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Effective project management: traditional, agile, extreme

Author: Wysocki, Robert K. Publisher: Wiley, 2009.Edition: 5th ed.Language: EnglishDescription: 734 p. : Graphs/Ill. ; 24 cm.ISBN: 9780470423677Type of document: BookBibliography/Index: Includes bibliographical references and index
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Book Europe Campus
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Print HD69 .P75 W97 2009
(Browse shelf)
Available 32419001255591
Book Middle East Campus
Main Collection
Print HD69 .P75 W97 2009
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Includes bibliographical references and index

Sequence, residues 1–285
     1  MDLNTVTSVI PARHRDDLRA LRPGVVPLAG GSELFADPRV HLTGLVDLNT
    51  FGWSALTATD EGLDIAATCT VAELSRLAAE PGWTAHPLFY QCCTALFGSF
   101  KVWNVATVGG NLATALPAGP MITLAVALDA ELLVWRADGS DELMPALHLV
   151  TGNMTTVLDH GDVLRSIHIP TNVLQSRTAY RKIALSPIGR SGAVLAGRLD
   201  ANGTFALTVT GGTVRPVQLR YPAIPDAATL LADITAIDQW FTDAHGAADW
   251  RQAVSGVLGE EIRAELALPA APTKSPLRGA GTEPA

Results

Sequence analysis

Effective Project Management Traditional, Argile, Extreme Contents Acknowledgments Preface to the Fifth Edition Introduction Part I Defining and Using Project Management Process Groups Defining a Project Sequence of Activities Unique Activities Complex Activities Connected Activities One Goal Specified Time Within Budget According to Specification What Is a Program? Establishing Temporary Program Offices Establishing Permanent Program Offices Understanding the Scope Triangle Scope Quality Cost Time Resources Envisioning the Scope Triangle as a System in Balance Managing the Creeps Scope Creep Hope Creep Chapter 1 What Is a Project? xi xxxix xli 1 5 6 6 6 7 7 7 7 8 8 8 9 9 9 10 10 10 11 11 12 13 13 14 Effort Creep Feature Creep Applying the Scope Triangle Problem Resolution Scope Change Impact Analysis The Importance of Classifying Projects Establishing a Rule for Classifying Projects Classification by Project Characteristics Classification by Project Type Putting It All Together Discussion Questions Chapter 2 Understanding The Project Management Process Groups Understanding the Fundamentals of Project Management What Business Situation Is Being Addressed? What Do You Need to Do? What Will You Do? How Will You Do It? How Will You Know You Did It? How Well Did You Do? Defining the Five Process Groups The Scoping Process Group The Planning Process Group The Launching Process Group The Monitoring and Controlling Process Group The Closing Process Group Defining the Nine Knowledge Areas Mapping Knowledge Areas to Process Groups What the Mapping Means How to Use the Mapping Definition of a Project Management Life Cycle Using Process Groups to Define PMLCs A Look Ahead: Mapping Process Groups to Form Complex PMLCs Integration Management Scope Management Time Management Cost Management Quality Management Quality Planning Process Quality Assurance Process Quality Control Process Human Resource Management Projects as Motivation and Development Tools 14 14 15 15 16 16 16 17 18 20 20 21 22 23 24 25 25 25 26 27 27 28 28 29 30 30 30 30 31 31 32 32 32 32 33 33 33 34 34 34 34 35 Communications Management Who Are the Project Stakeholders? What Do They Need to Know about the Project? How Should Their Needs Be Met? Risk Management Risk Identification Risk Assessment Risk Mitigation Risk Monitoring Procurement Management Vendor Solicitation Vendor Evaluation Vendor Selection Vendor Contracting Vendor Management Putting It All Together Discussion Questions Chapter 3 How to Scope a Project Using Tools, Templates, and Processes to Scope a Project Managing Client Expectations Wants versus Needs Conducting Conditions of Satisfaction Establishing Clarity of Purpose Specifying Business Outcomes Conducting COS Milestone Reviews Planning and Conducting the Project Scoping Meeting Purpose Attendees Agenda Deliverables Gathering Requirements What Are Requirements? Types of Requirements Functional Requirements Non-Functional Requirements Global Requirements Product and/or Project Constraints Approaches to Gathering Requirements Building the Requirements Breakdown Structure Using the RBS to Choose a Best-Fit PMLC Model Diagramming Business Processes What Is a Business Process? Creating a Business Process Diagram 39 39 39 40 40 41 42 42 43 44 44 44 45 45 46 46 47 49 50 51 52 52 55 56 56 56 56 57 57 58 58 59 60 60 60 60 61 61 63 65 67 68 69 Business Process Diagram Formats Context Diagrams Business Process Work Flow Diagrams Prototyping Your Solution Use Cases Use Case Diagrams Use Case Flow of Events Validating the Business Case Outsourcing to Vendors and Contractors Procurement Management Life Cycle Vendor Solicitation Publishing a Request for Information Advertising Renting a Targeted List Asking Previous Vendors Attending Trade Shows Preparing and Distributing a Request for Proposal Managing RFP Questions and Responses Responding to Bidder Questions Vendor Evaluation Establishing Vendor Evaluation Criteria Evaluating Responses to the RFP Vendor Selection Vendor Contracting No Award Single Award Multiple Awards Contract Management Types of Contracts Discussion Points for Negotiating the Final Contract Final Contract Negotiation Vendor Management Expectation Setting -- Getting Started Monitoring Progress and Performance Transitioning from Vendor to Client Closing Out a Vendor Contract Writing an Effective Project Overview Statement Parts of the POS Stating the Problem or Opportunity Establishing the Project Goal Defining the Project Objectives Identifying Success Criteria Listing Assumptions, Risks, and Obstacles Attachments 70 71 72 73 73 74 75 76 77 77 78 78 78 78 79 79 79 80 80 81 81 83 83 84 84 84 84 85 85 87 87 88 88 89 90 91 91 93 94 95 97 98 100 102 Risk Analysis Financial Analyses Gaining Approval to Plan the Project Participants in the Approval Process Approval Criteria Project Approval Status Putting It All Together Discussion Questions Chapter 4 How to Plan a Project Tools, Templates, and Processes Used to Plan a Project The Importance of Planning Using Application Software Packages to Plan a Project Determining the Need for a Software Package? Project Planning Tools Sticky Notes Marking Pens Whiteboard How Much Time Should Planning Take? Running the Planning Session Planning and Conducting Joint Project Planning Sessions Planning the JPPS Attendees Facilities Equipment The Complete Planning Agenda Deliverables Conducting the JPPS Building the Work Breakdown Structure Uses for the WBS Thought-Process Tool Architectural-Design Tool Planning Tool Project-Status-Reporting Tool Generating the WBS Top-Down Approach Bottom-Up Approach Using the WBS for Large Projects Iterative Development of the WBS Six Criteria to Test for Completeness in the WBS Status and Completion Are Measurable The Activity Is Bounded The Activity Has a Deliverable Time and Cost Are Easily Estimated 102 102 104 105 107 107 107 108 109 111 112 113 113 114 114 115 115 116 116 117 118 119 122 122 122 123 124 124 126 127 127 127 127 128 129 130 131 132 132 133 134 134 134 Activity Duration Is Within Acceptable Limits Work Assignments Are Independent The Seventh Criteria for Judging Completeness Exceptions to the Completion Criteria Rule Approaches to Building the WBS Noun-Type Approaches Verb-Type Approaches Organizational Approaches Selecting the Best Approach Representing the WBS Estimating Estimating Duration Resource Loading versus Task Duration Variation in Task Duration Six Methods for Estimating Task Duration Extrapolating Based on Similarity to Other Activities Studying Historical Data Seeking Expert Advice Applying the Delphi Technique Applying the Three-Point Technique Applying the Wide-Band Delphi Technique Estimation Life Cycles Estimating Resource Requirements People as Resources Resource Breakdown Structure Determining Resource Requirements Resource Planning Estimating Cost Cost Budgeting Cost Control Constructing the Project Network Diagram Envisioning a Complex Project Network Diagram Benefits to Network-Based Scheduling Building the Network Diagram Using the Precedence Diagramming Method Dependencies Constraints Technical Constraints Management Constraints Interproject Constraints Date Constraints Using the Lag Variable Creating an Initial Project Network Schedule Critical Path Near-Critical Path 135 135 136 136 137 138 139 140 141 141 144 145 146 148 149 149 149 150 150 151 152 152 153 154 155 156 157 158 159 160 160 161 161 163 165 167 167 169 169 170 171 171 174 176 Analyzing the Initial Project Network Diagram Compressing the Schedule Management Reserve Planning for Project Risk: The Risk Management Life Cycle Risk Identification Risk Categories Candidate Risk Drivers Risk Assessment Static Risk Assessment Dynamic Risk Assessment Risk Mitigation Risk Monitoring and Control Writing an Effective Project Proposal Contents of the Project Proposal Executive Summary Background Objective Overview of the Approach to Be Taken Detailed Statement of the Work Time and Cost Summary Appendices Format of the Project Proposal Gaining Approval to Launch the Project Putting It All Together Discussion Questions Chapter 5 How to Launch a Project Tools, Templates, and Processes Used to Launch a Project Recruiting the Project Team Core Team Members When to Select the Core Team Members Selection Criteria Client Team When to Select the Client Team Selection Criteria Contract Team Members Implications of Adding Contract Team Members Selection Criteria Balancing a Team Assimilating Diverging Accommodating Converging Developing a Team Deployment Strategy Developing a Team Development Plan 176 177 179 180 181 181 183 183 184 185 187 187 188 189 189 189 189 189 190 190 190 190 190 191 191 195 196 197 197 198 198 201 201 201 201 202 202 203 204 204 204 204 205 205 Conducting the Project Kick-Off Meeting Sponsor-Led Part Project Manager­Led Part Purpose of the Project Kick-Off Meeting Attendees Facilities and Equipment The Working Session Agenda Establishing Team Operating Rules Situations that Require Team Operating Rules Problem Solving Decision Making Conflict Resolution Consensus Building Brainstorming Team Meetings Team War Room Physical Layout Variations Operational Uses Managing Scope Changes The Scope Change Management Process Management Reserve Scope Bank Managing Team Communications Establishing a Communications Model Timing Content Choosing Effective Channels Managing Communication beyond the Team Managing Communications with the Sponsor Upward Communication Filtering and "Good News" Communicating with Other Stakeholders Assigning Resources Leveling Resources Acceptably Leveled Schedule Resource-Leveling Strategies Utilizing Available Slack Shifting the Project Finish Date Smoothing Alternative Methods of Scheduling Tasks Further Decomposition of Tasks Stretching Tasks Assigning Substitute Resources Cost Impact of Resource Leveling 206 206 206 207 207 208 208 211 211 212 214 217 219 220 221 223 223 223 224 224 224 227 229 229 229 230 230 230 233 233 234 235 235 236 238 239 239 239 240 240 240 241 241 242 Finalizing the Project Schedule Writing Work Packages Purpose of a Work Package Format of a Work Package Work Package Assignment Sheet Work Package Description Report Putting It All Together Discussion Questions Chapter 6 How to Monitor and Control a Project Tools, Templates, and Processes Used to Monitor and Control a Project Establishing Your Progress Reporting System Types of Project Status Reports Current Period Reports Cumulative Reports Exception Reports Stoplight Reports Variance Reports How and What Information to Update Frequency of Gathering and Reporting Project Progress Variances Positive Variances Negative Variances Applying Graphical Reporting Tools Gantt Charts Stoplight Reports Burn Charts Milestone Trend Charts Earned Value Analysis Integrating Milestone Trend Charts and Earned Value Analysis Integrating Earned Value Integrating Milestone Trend Data Managing the Scope Bank Building and Maintaining the Issues Log Managing Project Status Meetings Who Should Attend Status Meetings? When Are Status Meetings Held? What Is the Purpose of a Status Meeting? What Is the Status Meeting Format? The 15-Minute Daily Status Meeting Problem Management Meetings Defining a Problem Escalation Strategy 242 244 245 245 246 247 247 249 251 252 253 253 254 254 254 254 255 257 259 259 259 260 260 260 261 261 261 265 270 271 271 273 274 275 275 276 276 276 277 278 278 Project Manager­Based Strategies Resource Manager­Based Strategies Client-Based Strategies The Escalation Strategy Hierarchy Gaining Approval to Close the Project Putting It All Together Discussion Questions Chapter 7 How to Close a Project Tools, Templates, and Processes Used to Close a Project Writing and Maintaining Client Acceptance Procedures Closing a Project Getting Client Acceptance Ceremonial Acceptance Formal Acceptance Installing Project Deliverables Phased Approach Cut-Over Approach Parallel Approach By-Business-Unit Approach Documenting the Project Reference for Future Changes in Deliverables Historical Record for Estimating Duration and Cost on Future Projects, Activities, and Tasks Training Resource for New Project Managers Input for Further Training and Development of the Project Team Input for Performance Evaluation by the Functional Managers of the Project Team Members Conducting the Post-Implementation Audit Writing the Final Report Celebrating Success Putting It All Together Discussion Questions Part II Establishing Project Management Life Cycles and Strategies Assessing Goal and Solution Clarity and Completeness Traditional Project Management (TPM) Approaches Low Complexity Few Scope Change Requests Well-Understood Technology Infrastructure 279 279 279 280 281 281 282 283 284 284 284 285 285 285 286 286 286 286 287 287 287 287 287 288 288 289 291 292 292 292 295 297 299 301 302 302 303 Chapter 8 Project Management Landscape Low Risk Experienced and Skilled Project Teams Plan-driven TPM Projects Agile Project Management (APM) Approaches A Critical Problem Without a Known Solution A Previously Untapped Business Opportunity APM Projects Are Critical to the Organization Meaningful Client Involvement Is Essential APM Projects Use Small Co-located Teams Extreme Project Management (xPM) Approaches The xPM Project Is a Research and Development Project The xPM Project Is Very High Risk Emertxe Project Management (MPx) Approaches A New Technology Without a Known Application A Solution Out Looking for a Problem to Solve Understanding the Complexity/Uncertainty Domain of Projects Requirements Flexibility Adaptability Change Risk vs. the Complexity/Uncertainty Domain Team Cohesiveness vs. the Complexity/Uncertainty Domain Communications vs. the Complexity/Uncertainty Domain Client Involvement vs. the Complexity/Uncertainty Domain The Client's Comfort Zone Ownership by the Client Client Sign-Off Specification vs. the Complexity/Uncertainty Domain Change vs. the Complexity/Uncertainty Domain Business Value vs. the Complexity/Uncertainty Domain Additional Factors Affecting the Choice of Best-Fit PMLC Model Total Cost Duration Market Stability Technology Business Climate Number of Departments Affected Organizational Environment Team Skills and Competencies Introducing Project Management Life Cycles Traditional Project Management Approaches Linear Project Management Life Cycle Model 303 303 303 304 305 306 306 306 306 307 307 308 308 308 309 309 311 312 313 313 314 314 315 316 317 318 318 319 320 321 322 322 322 322 323 323 323 324 324 324 328 328 Incremental Project Management Life Cycle Model Agile Project Management Approaches Iterative Project Management Life Cycle Model Adaptive Project Management Life Cycle Model Extreme Project Management Approach Emertxe Project Management Life Cycle Model Recap of PMLC Models Similarities between the PMLC Models Differences between the PMLC Models Choosing the Best-Fit PMLC Model Putting It All Together Discussion Questions Chapter 9 Traditional Project Management What Is Traditional Project Management? Linear Project Management Life Cycle Definition Characteristics Complete and Clearly Defined Goal, Solution, Requirements, Functions, and Features Few Expected Scope Change Requests Routine and Repetitive Activities Benefits of Using Established Templates Strengths Entire Project Is Scheduled at the Beginning of the Project Resource Requirements Are Known from the Start The Linear PMLC Model Does Not Require the Most Skilled Team Members Team Members Do Not Have to Be Co-Located Weaknesses Does Not Accommodate Change Very Well Costs Too Much Takes Too Long before Any Deliverables Are Produced Requires Complete and Detailed Plans Must Follow a Rigid Sequence of Processes Is Not Focused on Client Value When to Use a Linear PMLC Model Variations to the Linear PMLC Model The Rapid Linear PMLC Model Feature-Driven Development Linear PMLC Model Considerations in Choosing a Variation Adapting and Integrating the Tools, Templates, and Processes for Maximum Effectiveness Incremental Project Management Life Cycle Definition 329 330 331 332 332 334 335 336 336 336 338 338 341 342 343 343 344 344 345 345 348 349 349 349 350 350 350 351 351 351 351 353 353 353 353 354 355 356 357 357 358 Characteristics Strengths Produces Business Value Early in the Project Enables You to Better Schedule Scarce Resources Can Accommodate Minor Scope Change Requests Between Increments Offers a Product Improvement Opportunity More Focused on Client Value Than the Linear PMLC Model Weaknesses The Team May Not Remain Intact Between Increments This Model Requires Handoff Documentation Between Increments The Model Must Follow a Defined Set of Processes You Must Define Increments Based on Function and Feature Dependencies Rather Than Business Value You Must Have More Client Involvement Than Linear PMLC Models An Incremental PMLC Model Takes Longer Than the Linear PMLC Model Partitioning the Functions May Be Problematic When to Use an Incremental PMLC Adapting and Integrating the Tools, Templates, and Processes for Maximum Effectiveness Putting It All Together Discussion Questions Chapter 10 Using Critical Chain Project Management What Is the Critical Chain? Variation in Duration: Common Cause versus Special Cause Statistical Validation of the Critical Chain Approach The Critical Chain Project Management Approach Step 1: Creating the Early Schedule Project Network Diagram Step 2: Converting the Early Schedule to the Late Schedule and Adding Resources Step 3: Resolving Resource Conflicts Establishing Buffers Defining Buffers Types of Buffers Project Buffers Feeding Buffers Resource Buffers Other Buffers Using Buffers Managing Buffers 359 359 359 359 360 360 360 360 361 361 361 362 363 363 363 364 364 365 367 369 370 370 371 373 373 374 374 375 375 376 376 376 376 376 377 377 Penetration into the First Third of the Buffer Penetration into the Middle Third of the Buffer Penetration into the Final Third of the Buffer Track Record of Critical Chain Project Management Putting It All Together Discussion Questions Chapter 11 Agile Project Management What Is Agile Project Management? Implementing APM Projects Fully Supported Production Versions of Partial Solutions Are Released to the End User Quarterly or Semi-Annually Intermediate Versions Are Released to a Focus Group Every 2-4 Weeks Co-Located APM Project Teams Cross-Project Dependencies Project Portfolio Management Iterative Project Management Life Cycle Definition of the Iterative PMLC Model Most of the Solution Is Clearly Known Likely to be Multiple Scope Change Requests Concern about Lack of Client Involvement Scoping Phase of an Iterative PMLC Model Planning Phase of an Iterative PMLC Model The Complete Plan for Building the Known Solution The Partial Plan for the High-Priority Functions Launching Phase of an Iterative PMLC Model Monitoring and Controlling Phase of an Iterative PMLC Model Closing Phase of an Iterative PMLC Model Characteristics The Solution Is Known, But Not to the Expected Depth Often Uses Iconic or Simulated Prototypes to Discover the Complete Solution Strengths Client Reviews Current Partial Solution for Improvement Can Process Scope Changes Between Iterations Adaptable to Changing Business Conditions Weaknesses Requires a More Actively Involved Client Than TPM projects Requires Co-Located Teams Difficult to Implement Intermediate Solutions Final Solution Cannot Be Defined at the Start of the Project 378 378 378 380 381 381 383 385 386 386 387 387 388 388 390 390 391 391 392 392 392 393 393 394 394 395 395 395 395 395 396 396 396 396 396 397 397 397 Types of Iterative PMLC Models Prototyping PMLC Model Rational Unified Process (RUP) When to Use an Iterative PMLC Model Intuitive to the Client Easily Engages the Client Immediate Feedback on the Effect of Solution Change Tolerant of Assessing and Evaluating the Impact of Alternatives No Fixed Deadline for Completion Adaptive Project Management Life Cycle Definition Scoping Phase of an Adaptive PMLC Model Planning Phase of an Adaptive PMLC Model Launching Phase of an Adaptive PMLC Model Monitoring and Controlling Phase of an Adaptive PMLC Model Closing Phase of an Adaptive PMLC Model Characteristics Iterative Structure Just-in-Time Planning Critical Mission Projects Thrives on Change through Learning and Discovery Strengths Does Not Waste Time on Non-Value-Added Work Avoids All Management Issues Processing Scope Change Requests Does Not Waste Time Planning Uncertainty Provides Maximum Business Value Within the Given Time and Cost Constraints Weaknesses of the Adaptive PMLC Model Must Have Meaningful Client Involvement Cannot Identify Exactly What Will Be Delivered at the End of the Project Types of Adaptive PMLC Models Adaptive Software Development (ASD) Adaptive Project Framework Client Situation Goal Objectives Solution Phase I: Needs Analysis Phase II: PMM High-level Design Phase III: PMM Detailed Design and Documentation Phase IV: PMM Implementation 397 398 400 403 403 403 404 404 404 404 404 406 406 407 407 408 408 409 409 409 409 409 410 410 410 410 411 411 411 411 412 414 444 444 444 444 445 445 445 446 Phase V: PMM Training Program Business Value and Selected Success Criteria Roles and Responsibilities Project Schedule Dynamic Systems Development Method (DSDM) Scrum When to Use an Adaptive PMLC Model Has the Client Had Successful Adaptive Project Experience Before? Will this First-Time Adaptive Project Client Be Meaningfully Involved? Has the Client Appointed a Qualified Co-Project Manager? Adapting and Integrating the APM Toolkit Scoping the Next Iteration/Cycle Planning the Next Iteration/Cycle Launching the Next Iteration/Cycle Monitoring and Controlling the Next Iteration/Cycle Closing the Next Iteration/Cycle Deciding to Conduct the Next Iteration/Cycle Closing the Project Putting It All Together Discussion Questions Chapter 12 Extreme Project Management What Is Extreme Project Management? Extreme Project Management Life Cycle Definition Characteristics High Speed High Change High Uncertainty Strengths Keeps Options Open as Late as Possible Offers an Early Look at a Number of Partial Solutions Weaknesses May Be Looking for Solutions in All the Wrong Places No Guarantee That Any Business Value Will Result from the Project Deliverables INSPIRE Extreme PMLC Model INitiate SPeculate Incubate REview What Is Emertxe Project Management? 446 447 447 448 449 450 454 454 455 456 456 456 457 458 458 459 459 459 460 460 463 464 464 464 465 465 465 466 466 466 466 466 467 467 467 469 473 477 479 480 The Emertxe Project Management Life Cycle When to Use an Emertxe PMLC Model Research and Development Projects Problem-Solution Projects Using the Tools, Templates, and Processes for Maximum xPM Effectiveness Scoping the Next Phase Planning the Next Phase Launching the Next Phase Monitoring and Controlling the Next Phase Closing the Phase Deciding to Conduct the Next Phase Closing the Project Putting It All Together Discussion Questions Part III Building an Effective Project Management Infrastructure Background of the Project Support Office Defining a Project Support Office Temporary or Permanent Organizational Unit Portfolio of Services Specific Portfolio of Projects Naming the Project Support Office Establishing Your PSO's Mission Framing PSO Objectives Exploring PSO Support Functions Project Support Consulting and Mentoring Methods and Standards Software Tools Training Staffing and Development Project Manager Resources Project Team Members Selecting PSO Organizational Structures Virtual versus Real Proactive versus Reactive Temporary versus Permanent Program versus Projects Enterprise versus Functional Hub-and-Spoke Understanding the Organizational Placement of the PSO 481 481 481 481 482 482 483 484 484 485 485 485 485 485 489 491 492 493 494 494 495 496 497 498 498 499 499 500 501 502 503 504 504 505 505 506 506 506 507 507 507 Chapter 13 Establishing and Maturing a Project Support Office Determining When You Need a Project Support Office The Standish Group Report User Involvement Executive Management Support Clear Business Objectives Agile Optimization Emotional Maturity Project Management Expertise Financial Management Skilled Resources Formal Methodology Tools and Infrastructure Spotting Symptoms That You Need a PSO Establishing a PSO PSO Stages of Maturity Growth Level 1: Initial Level 2: Repeatable Level 3: Defined Level 4: Managed Level 5: Optimized Planning a PSO The POS Planning Steps Facing the Challenges of Implementing a PSO Speed and Patience Leadership from the Bottom Up A Systems Thinking Perspective Enterprise-Wide Systems Knowledge Management Learning and Learned Project Organizations Open Communications Putting It All Together Discussion Questions Chapter 14 Establishing and Managing a Project Portfolio Management Process Introduction to Project Portfolio Management Portfolio Management Concepts What Is a Portfolio Project? What Is a Project Portfolio? What Is Project Portfolio Management? The Project Portfolio Management Life Cycle ESTABLISH a Portfolio Strategy Strategic Alignment Model Boston Consulting Group Products/Services Matrix 509 509 510 511 511 512 512 512 513 513 513 513 514 516 516 517 517 517 518 518 518 518 521 528 529 529 529 529 529 530 530 530 530 533 534 534 534 535 536 536 538 539 541 Project Distribution Matrix Growth versus Survival Model Project Investment Categories Model Choosing Where to Apply These Models EVALUATE Project Alignment to the Portfolio Strategy PRIORITIZE Projects and Hold Pending Funding Authorization Forced Ranking Q-Sort Must-Do, Should-Do, Postpone Criteria Weighting Paired Comparisons Model Risk/Benefit SELECT a Balanced Portfolio Using the Prioritized List Balancing the Portfolio Strategic Alignment Model and Weighted Criteria Project Distribution Matrix and Forced Ranking Model Graham-Englund Selection Model and the Risk/Benefit Matrix Balancing Using Partial Funding or Staffing of Projects MANAGE the Active Projects Project Status The Role of the Project Manager Reporting Portfolio Performance Schedule Performance Index and Cost Performance Index SPI and CPI Trend Charts Spotting Out-of-Control Situations Closing Projects in the Portfolio Attainment of Explicit Business Value Lessons Learned Roles and Responsibilities of the PSO in Portfolio Management Project Sponsor Portfolio Manager Proposal Intake and Evaluation Project Prioritization Selection Support to the Portfolio Manager Monitoring and Reporting to the Portfolio Manager Facilitate Project Review Sessions Preparing Your Project for Submission to the Portfolio Management Process A Revised Project Overview Statement Parts of the POS POS Attachments A Two-Step Submission Process 542 544 544 545 546 546 547 548 548 549 550 551 553 553 554 556 558 562 562 563 564 564 565 565 565 569 569 570 570 570 571 571 571 571 571 571 572 572 573 575 576 A New Submission Process Agile Project Portfolio Management Putting It All Together Discussion Questions Chapter 15 Establishing and Managing a Continuous Process Improvement Program Understanding Project Management Processes and Practices The Project Management Process How Was It Developed? How Complete Is It? How Is It Documented? How Is It Supported? How Is It Updated? The Practice of the Project Management Process Are All Project Managers Required to Use the Process? Can Project Managers Substitute Other Tools, Templates, and Processes as They Deem Appropriate? Is There a Way to Incorporate Best Practices into the Practice of the Project Management Process? How Are Project Managers Monitored for Compliance? How Are Corrective Action Steps Taken to Correct for Noncompliance? How Are Project Manager Practices Monitored for Best Practices? Defining Process and Practice Maturity Level 1: Ad hoc or Informal Level 2: Documented Processes Level 3: Documented Processes That Everyone Uses Level 4: Integrated into Business Processes Level 5: Continuous Improvement Measuring Project Management Process and Practice Maturity The Process Quality Matrix and Zone Map What Process Has Been Defined So Far? Step 1: Define the Process Step 2: Validate and Finalize the PQM Step 3: Establish Correlations Step 4: Establish Metrics Step 5: Assess Project Managers against the PMMA Step 6: Assess Maturity Levels Step 7: Plot Results on the PQM Zone Map Using the Continuous Process Improvement Model Phase 1: Foundation Develop Mission/Vision Statement 576 578 580 580 583 584 585 585 585 585 586 586 586 586 587 587 587 587 587 588 589 589 589 590 590 591 591 595 596 596 596 596 597 597 597 597 597 598 Identify CSFs Identify Business Processes Relate CSFs to Business Processes Phase 2: Assessment and Analysis Conduct Gap Analysis Select Knowledge Area or PM Process Identify Improvement Opportunities Analyze Improvement Opportunities Phase 3: Improvement Initiatives Define the Project Scope Plan Project Activities Schedule Project Work Monitor Project Progress Phase 4: Check Results Defining Roles and Responsibilities of the PSO Realizing the Benefits of Implementing a CPIM Applying CPIM to Business Processes Characteristics of Business Processes Process Effectiveness Process Efficiency Streamlining Tools Watching Indicators of Needed Improvement Documenting the "As Is" Business Process Envisioning the "To Be" State Defining the Gap between "As Is" and "To Be" Defining a Business Process Improvement Project Using Process Improvement Tools, Templates, and Processes Fishbone Diagrams and Root Cause Analysis Control Charts Flowcharting Histograms Pareto Analysis Run Charts Scatter Diagrams Force Field Analysis Trigger Values Putting It All Together Discussion Questions Basic Flow of Placing an Order Part IV Managing the Realities of Projects What Is a Distressed Project? 599 599 599 599 600 600 600 601 601 602 602 602 602 602 603 603 604 605 605 606 606 609 609 610 610 610 611 612 615 615 616 617 618 619 620 622 622 623 623 625 627 628 Chapter 16 Managing Distressed Projects Why Projects Become Distressed or Fail Poor, Inadequate, or No Requirements Documentation Inappropriate or Insufficient Sponsorship Complexity of Requirements Not Recognized Unwillingness to Make Tough Decisions Lag Time between Project Approval and Kick-Off No Plan Revision after Significant Cuts in Resources or Time Estimates Done with Little Planning or Thought Overcommitment of Staff Resources Inconsistent Client Sign-Off No Credibility in the Baseline Plan Unmanageable Project Scope Managing Distressed Projects Prevention Management Strategies Using Tools, Templates, and Processes to Prevent Distressed Projects Requirements Gathering WBS Construction Dynamic Risk Management Process Scope Change Management Process Milestone Trend Charts Earned Value Analysis Intervention Management Strategies Analyze Current Situation: Where Are We? Revise Desired Goal: Where Can We Go? Evaluate Options: How Can We Get There? Generate Revised Plan: How Will We Get There? Roles and Responsibilities of the PSO with Respect to Distressed Projects Analyzing the Current Situation Revising the Desired Goal Evaluating the Options Generating the Revised Plan Putting It All Together Discussion Questions Chapter 17 Managing Multiple Team Projects What Is a Multiple Team Project? Challenges to Managing a Multiple Team Project Working with Fiercely Independent Team Cultures Working with Different Team Processes Accommodating Competing Priorities Communicating within the Team Structure Establishing a Project Management Structure 629 629 629 629 630 630 630 631 631 631 631 631 632 632 632 633 634 634 635 636 637 639 639 644 647 649 650 652 652 652 653 653 653 655 655 657 658 658 659 659 659 Establishing One Project Management Life Cycle Building an Integrated Project Plan and Schedule Defining a Requirements Gathering Approach Establishing a Scope Change Management Process Defining the Team Meeting Structure Establishing Manageable Reporting Levels Sharing Resources across Teams Searching Out Your Second Classifying Multiple Team Projects Two Teams Update or Enhance and Global New and Global Multiple Teams Update or Enhance Update or Enhance and Global New New and Global Project Office Structure Project Office Characteristics Organize and Manage the Entire Project Develop the High-Level Project Plan in Collaboration with Team Managers Integrate and Coordinate the Project Plans of Each Team Maintain the Overall Project Schedule Monitor and Manage Resource Use Prepare and Distribute Project Status Reports Plan and Conduct Team Meetings Process Scope Change Requests Solve Problems Escalated from the Individual Project Teams Negotiate and Resolve Problems between Teams Project Office Strengths Coordinates the Work of Several Independent Teams Scales to Large Projects Managed from a Single Integrated Plan Integrated Resource Management Control Allows Teams to Maintain Their Practices Project Office Weaknesses Requires Management Across Disparate Practices Requires Team Members to Manage Competing Priorities May Involve a Cumbersome Scope Change Management Process When to Use a PO Core Team Structure Core Team Characteristics 659 660 660 661 661 661 662 662 662 662 663 663 663 663 664 664 664 664 665 666 666 666 666 666 666 667 667 667 667 667 667 668 668 668 668 669 669 669 669 670 670 670 Advise Each Team on Technical Matters Provide Subject Matter Expertise on Enterprise Systems and Processes Support Each Team as Requested and as Needed Collaborate with and Advise the CT Manager as Requested Negotiate and Help Resolve Inter-Team Problems Core Team Strengths Enables the CT Manager to Select CT Members Provides the Best Available Advice to the CT Manager Coordinates the Work of Several Teams Lends Support and Credibility to the Decisions of the CT Manager Assigns Core Team Members 100 Percent to This Project Takes Advantage of the Most Experienced SMEs Allows Teams to Retain Their Business Unit Practices Core Team Weaknesses May Not Scale to the Larger Projects Does Not Necessarily Integrate Individual Team Plans Must Manage across Disparate Practices How to Deal with Divided Loyalties Repeatedly Uses the Same SMEs When to Use a CT Super Team Structure Super Team Characteristics Organize and Manage the Project Develop the Project Plan Maintain the Overall Project Schedule Monitor and Manage Resource Utilization Prepare and Distribute Project Status Reports Plan and Conduct Team Meetings Process Scope Change Requests Super Team Strengths Manages from a Single Integrated Source Scales to Large Projects Integrates Resource Management Control Standardizes on a Set of Tools, Templates, and Processes Super Team Weaknesses The Difficulty in Establishing Standardization Team Members Have to Decide among Competing Priorities When to Use an ST Putting It All Together Discussion Questions 671 673 673 673 673 673 674 674 674 674 674 675 675 675 675 676 676 676 676 676 677 678 679 680 680 680 680 680 680 681 681 681 681 681 682 682 682 682 683 684 Epilogue: Putting It All Together Finally What Business Situation Is Being Addressed? What Do You Need To Do? Experience Acquisition On-the-job Training Off-the-job Training Professional Activities What Will You Do? How Will You Do It? How Will You Know You Did It? How Well Did You Do? Where Do You Go from Here? -- A New Idea to Consider The PM/BA Position Family Team Member Task Manager Associate Manager Senior Manager Program Manager Director Using the PM/BA Landscape for Professional Development What Might a Professional Development Program Look Like? Experience Acquisition On-the-Job Training Off-the-Job Training Professional Activities Using the POP Career Planning Using the BA/PM Landscape Putting It All Together Appendix A What's on the Web Site? Appendix B Bibliography Index 685 686 686 686 687 687 687 688 688 688 688 688 689 692 692 693 694 695 696 697 697 698 699 699 699 700 701 703 705 707 719